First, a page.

Plans by Coun. Colin Plant to reduce election signage received general support from his colleagues, but also some criticism.
Plans presented Monday would limit the size and number of signs displayed on Saanich public property, while still allowing private property owners to display larger signs. The proposals — which staff will now review — also aim to align municipal with provincial regulations around displaying election signs.
Coun. Ned Taylor said he generally favours measures proposed by Plant to reduce the number of election signs but warned of unintended consequences.
“I’m happy to see this come forward,” he said. “Overall, I think there were too many election signs. I think it would be ideal to have less. However, I think we have to be very careful about how we go about this.” Taylor said election signs were his primary tool for promoting his candidacy. “Honestly, I’m not sure, if I would have been able to do that, if I weren’t able to use signs,” he said. “So it was a huge asset for me, not only as a new candidate, but as a young candidate, who may be doesn’t have as many connections in the community as an incumbent or an older demographic may have.”
Incumbents have the advantage of name recognition and may not need as many signs as non-incumbents, he said. “So I don’t want this council to introduce policy that makes it more difficult for new candidates to get elected.”
Elections signs, he said, also alert the public to elections themselves. “Low voter turn-out is a big issue which we deal with at the municipal level and one of the benefits of having signs is showing people that elections are happening,” he said.
Coun. Zac de Vries echoed Taylor’s criticisms. Signs represent a “very effective and necessary tool” for candidates, especially younger ones, to get their names out, he said.
Coun. Rebecca Mersereau said she “is very supportive” of efforts to reduce the number of election signs for aesthetic, environmental and safety reasons among others, including the need to level the playing field between incumbents and non-incumbents, as well candidates with means and those without.
“I think it is important for us to recognize that any rules that increase the relative importance of signs on private property will inherently advantage older candidates, who are more likely to have property owners amongst their social networks,” she said. “That is a very important consideration in this region, with high housing costs.”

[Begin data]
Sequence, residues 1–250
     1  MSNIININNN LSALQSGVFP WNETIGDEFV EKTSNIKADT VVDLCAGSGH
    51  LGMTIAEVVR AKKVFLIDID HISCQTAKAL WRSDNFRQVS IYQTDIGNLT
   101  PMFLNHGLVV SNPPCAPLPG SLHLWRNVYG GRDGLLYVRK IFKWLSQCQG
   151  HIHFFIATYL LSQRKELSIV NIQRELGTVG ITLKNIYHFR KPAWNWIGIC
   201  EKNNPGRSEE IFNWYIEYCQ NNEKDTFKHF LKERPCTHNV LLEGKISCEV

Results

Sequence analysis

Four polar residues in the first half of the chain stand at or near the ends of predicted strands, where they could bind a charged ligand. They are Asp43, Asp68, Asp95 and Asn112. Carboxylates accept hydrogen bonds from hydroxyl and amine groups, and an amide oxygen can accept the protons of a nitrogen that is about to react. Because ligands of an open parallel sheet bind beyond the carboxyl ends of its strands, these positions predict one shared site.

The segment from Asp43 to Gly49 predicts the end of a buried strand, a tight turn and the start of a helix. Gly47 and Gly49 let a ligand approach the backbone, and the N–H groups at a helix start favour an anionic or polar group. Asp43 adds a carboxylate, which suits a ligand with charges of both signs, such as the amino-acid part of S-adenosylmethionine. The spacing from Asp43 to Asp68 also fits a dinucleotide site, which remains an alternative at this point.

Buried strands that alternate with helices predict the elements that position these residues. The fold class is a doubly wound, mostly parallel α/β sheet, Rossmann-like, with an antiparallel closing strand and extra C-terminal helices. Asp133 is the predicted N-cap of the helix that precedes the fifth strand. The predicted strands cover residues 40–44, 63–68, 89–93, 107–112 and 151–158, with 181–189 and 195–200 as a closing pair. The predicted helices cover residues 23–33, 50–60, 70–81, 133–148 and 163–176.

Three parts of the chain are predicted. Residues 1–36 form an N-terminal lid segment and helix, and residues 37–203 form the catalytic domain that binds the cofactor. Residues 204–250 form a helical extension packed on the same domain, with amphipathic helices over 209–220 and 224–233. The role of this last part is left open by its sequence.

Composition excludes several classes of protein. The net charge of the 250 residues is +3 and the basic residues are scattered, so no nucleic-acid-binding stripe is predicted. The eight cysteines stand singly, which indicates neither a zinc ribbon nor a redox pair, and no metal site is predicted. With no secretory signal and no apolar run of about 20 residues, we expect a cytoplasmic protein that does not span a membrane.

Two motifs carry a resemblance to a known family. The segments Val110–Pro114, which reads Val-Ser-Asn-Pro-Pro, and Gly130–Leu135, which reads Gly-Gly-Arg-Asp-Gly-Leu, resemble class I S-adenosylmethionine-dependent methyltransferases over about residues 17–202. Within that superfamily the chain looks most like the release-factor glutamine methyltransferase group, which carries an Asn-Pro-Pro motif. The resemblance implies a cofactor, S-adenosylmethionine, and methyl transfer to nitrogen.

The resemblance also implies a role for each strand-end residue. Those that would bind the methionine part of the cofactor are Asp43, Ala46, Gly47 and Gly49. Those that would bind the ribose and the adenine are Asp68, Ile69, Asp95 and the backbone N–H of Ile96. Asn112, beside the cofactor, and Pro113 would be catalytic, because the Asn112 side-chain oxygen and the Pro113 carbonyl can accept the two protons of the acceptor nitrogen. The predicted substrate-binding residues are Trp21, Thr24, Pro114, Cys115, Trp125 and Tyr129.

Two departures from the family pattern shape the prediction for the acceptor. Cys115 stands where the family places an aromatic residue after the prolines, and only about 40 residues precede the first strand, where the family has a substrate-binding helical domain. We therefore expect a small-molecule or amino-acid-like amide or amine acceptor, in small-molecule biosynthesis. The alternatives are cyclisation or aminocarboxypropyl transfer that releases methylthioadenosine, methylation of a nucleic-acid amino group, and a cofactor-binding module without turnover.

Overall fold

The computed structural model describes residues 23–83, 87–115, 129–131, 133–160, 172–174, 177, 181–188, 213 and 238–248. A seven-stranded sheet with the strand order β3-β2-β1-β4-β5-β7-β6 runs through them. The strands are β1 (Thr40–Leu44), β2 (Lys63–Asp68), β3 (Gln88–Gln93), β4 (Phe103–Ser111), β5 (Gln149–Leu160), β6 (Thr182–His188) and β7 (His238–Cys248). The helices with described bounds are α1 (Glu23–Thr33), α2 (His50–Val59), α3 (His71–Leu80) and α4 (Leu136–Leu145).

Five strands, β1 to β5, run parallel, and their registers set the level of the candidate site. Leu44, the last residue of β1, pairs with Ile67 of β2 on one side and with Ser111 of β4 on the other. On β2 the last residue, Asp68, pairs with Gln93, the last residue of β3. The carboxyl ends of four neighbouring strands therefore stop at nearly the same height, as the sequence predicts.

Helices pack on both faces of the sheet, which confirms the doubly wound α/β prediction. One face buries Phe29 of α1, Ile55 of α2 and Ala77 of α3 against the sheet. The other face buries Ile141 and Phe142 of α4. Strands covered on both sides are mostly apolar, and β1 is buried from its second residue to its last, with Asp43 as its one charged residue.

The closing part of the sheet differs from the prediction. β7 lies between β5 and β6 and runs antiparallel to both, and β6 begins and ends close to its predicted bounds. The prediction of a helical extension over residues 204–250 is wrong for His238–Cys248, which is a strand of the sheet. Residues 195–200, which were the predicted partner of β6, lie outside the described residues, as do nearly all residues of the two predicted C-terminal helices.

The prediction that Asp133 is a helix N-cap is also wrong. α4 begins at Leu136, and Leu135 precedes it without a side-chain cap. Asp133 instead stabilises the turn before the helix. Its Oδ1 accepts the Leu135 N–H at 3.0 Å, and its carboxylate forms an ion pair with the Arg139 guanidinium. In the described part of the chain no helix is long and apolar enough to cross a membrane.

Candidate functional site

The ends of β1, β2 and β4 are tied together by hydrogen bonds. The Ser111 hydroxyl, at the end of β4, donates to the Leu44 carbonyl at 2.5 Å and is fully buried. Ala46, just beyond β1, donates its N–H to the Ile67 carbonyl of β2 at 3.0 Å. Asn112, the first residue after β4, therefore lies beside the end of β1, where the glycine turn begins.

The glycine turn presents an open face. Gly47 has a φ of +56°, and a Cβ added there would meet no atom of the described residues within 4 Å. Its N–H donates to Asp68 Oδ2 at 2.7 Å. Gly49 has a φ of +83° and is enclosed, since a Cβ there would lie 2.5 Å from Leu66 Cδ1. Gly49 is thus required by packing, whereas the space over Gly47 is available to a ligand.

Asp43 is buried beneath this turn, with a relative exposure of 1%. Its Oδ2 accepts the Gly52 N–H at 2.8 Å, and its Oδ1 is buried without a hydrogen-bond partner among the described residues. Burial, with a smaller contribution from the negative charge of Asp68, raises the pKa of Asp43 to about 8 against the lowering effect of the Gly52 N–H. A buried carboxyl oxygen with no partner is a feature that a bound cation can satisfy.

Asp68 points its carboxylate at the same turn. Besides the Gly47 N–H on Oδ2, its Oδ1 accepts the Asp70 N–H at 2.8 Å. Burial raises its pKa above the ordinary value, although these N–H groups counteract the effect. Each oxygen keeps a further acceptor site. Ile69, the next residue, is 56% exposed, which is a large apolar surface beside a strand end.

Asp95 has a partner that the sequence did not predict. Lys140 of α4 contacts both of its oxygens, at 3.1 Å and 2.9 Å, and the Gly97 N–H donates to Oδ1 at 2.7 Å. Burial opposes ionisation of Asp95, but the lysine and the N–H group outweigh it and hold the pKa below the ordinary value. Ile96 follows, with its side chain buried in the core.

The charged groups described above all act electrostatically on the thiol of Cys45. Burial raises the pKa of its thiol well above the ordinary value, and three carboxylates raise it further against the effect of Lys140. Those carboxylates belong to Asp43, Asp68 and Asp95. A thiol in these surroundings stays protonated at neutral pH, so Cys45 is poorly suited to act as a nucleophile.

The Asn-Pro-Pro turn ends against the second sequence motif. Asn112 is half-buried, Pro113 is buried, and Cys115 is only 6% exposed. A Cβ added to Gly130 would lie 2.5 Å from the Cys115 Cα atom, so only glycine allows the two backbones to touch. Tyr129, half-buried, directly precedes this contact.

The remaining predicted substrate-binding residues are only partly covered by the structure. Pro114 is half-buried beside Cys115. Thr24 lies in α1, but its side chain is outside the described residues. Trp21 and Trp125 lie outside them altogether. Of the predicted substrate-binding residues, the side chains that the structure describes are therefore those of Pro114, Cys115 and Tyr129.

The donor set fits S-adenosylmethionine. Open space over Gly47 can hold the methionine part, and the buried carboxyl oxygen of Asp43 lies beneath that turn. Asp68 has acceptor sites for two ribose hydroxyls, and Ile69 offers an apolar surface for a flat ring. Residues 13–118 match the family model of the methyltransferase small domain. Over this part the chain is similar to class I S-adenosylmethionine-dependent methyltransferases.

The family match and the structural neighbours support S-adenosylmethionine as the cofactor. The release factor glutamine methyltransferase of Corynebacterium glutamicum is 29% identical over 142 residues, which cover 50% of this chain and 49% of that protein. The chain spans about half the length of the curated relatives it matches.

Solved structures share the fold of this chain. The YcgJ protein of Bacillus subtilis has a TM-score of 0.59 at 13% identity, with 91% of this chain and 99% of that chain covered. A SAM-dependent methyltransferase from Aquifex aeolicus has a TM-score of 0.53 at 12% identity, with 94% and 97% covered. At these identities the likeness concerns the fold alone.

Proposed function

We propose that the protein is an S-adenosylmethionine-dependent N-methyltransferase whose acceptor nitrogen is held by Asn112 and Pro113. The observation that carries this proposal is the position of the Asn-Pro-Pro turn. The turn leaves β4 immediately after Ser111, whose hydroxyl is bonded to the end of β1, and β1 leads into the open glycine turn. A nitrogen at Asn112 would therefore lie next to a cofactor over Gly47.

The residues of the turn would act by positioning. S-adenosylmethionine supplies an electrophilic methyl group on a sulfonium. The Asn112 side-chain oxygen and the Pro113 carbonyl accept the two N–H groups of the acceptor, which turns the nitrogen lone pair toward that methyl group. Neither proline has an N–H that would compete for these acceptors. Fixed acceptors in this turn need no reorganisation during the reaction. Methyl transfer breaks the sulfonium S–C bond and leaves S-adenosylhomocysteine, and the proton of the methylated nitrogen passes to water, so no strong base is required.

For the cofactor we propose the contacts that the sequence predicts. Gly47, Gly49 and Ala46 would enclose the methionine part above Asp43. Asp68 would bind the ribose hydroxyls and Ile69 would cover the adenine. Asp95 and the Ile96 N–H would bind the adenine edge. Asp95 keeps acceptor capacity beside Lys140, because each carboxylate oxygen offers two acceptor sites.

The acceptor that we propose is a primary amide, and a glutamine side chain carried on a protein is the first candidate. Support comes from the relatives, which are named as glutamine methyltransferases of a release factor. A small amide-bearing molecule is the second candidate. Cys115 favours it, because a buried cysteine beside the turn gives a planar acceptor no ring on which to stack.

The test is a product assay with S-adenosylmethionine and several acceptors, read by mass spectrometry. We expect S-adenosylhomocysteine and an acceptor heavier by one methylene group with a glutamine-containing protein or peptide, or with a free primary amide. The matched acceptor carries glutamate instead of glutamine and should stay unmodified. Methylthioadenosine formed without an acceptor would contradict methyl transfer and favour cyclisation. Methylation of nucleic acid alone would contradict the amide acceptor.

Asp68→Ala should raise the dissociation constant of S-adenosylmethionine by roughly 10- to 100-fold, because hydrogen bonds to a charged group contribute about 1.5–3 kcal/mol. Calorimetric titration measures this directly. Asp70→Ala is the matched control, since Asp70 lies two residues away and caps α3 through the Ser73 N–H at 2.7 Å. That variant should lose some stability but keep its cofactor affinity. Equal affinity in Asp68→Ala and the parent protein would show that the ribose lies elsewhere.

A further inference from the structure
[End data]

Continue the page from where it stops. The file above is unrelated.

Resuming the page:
Mersereau said she is also worried about the costs of administering the rules concerning election signs. That needs to be an important lens through which the municipality needs to consider any future changes, she said, adding that she would support staff offer a more “holistic” set of policies.
Responding to the concerns, Plant welcomed the discussion, adding nothing in his proposals aims to undermine younger candidates. Plant said his proposals generally aim to level the playing field when it comes to using Saanich’s public land
“That is where it is prudent to limit how many [signs] there are,” he said. “Nobody is suggesting that we are removing them by any stretch. Let’s us make that super-clear.”
If Saanich, by way of example, were to identify 50 public locations were signs were permissible, candidates would have 50 signs each, he said. “That would be fair and equal,” he said. “It may not be fair that someone of us have access to people, who own private lands. I acknowledge that.”
But that issue lies outside council’s responsibility, he said. “The fact that I know 20 land-owners, who own houses, that is a societal inequity. But I don’t think we should prevent them from having a sign on their property,” said Plant, adding that he looks forward to seeing staff’s review.
Plant received support from Coun. Judy Brownoff, who said that limiting the number of signs could actually level the financial playing field, as well as members of the public. She also agreed with plans to better coordinate with provincial authorities concerning the permissible locations and duration of election signage.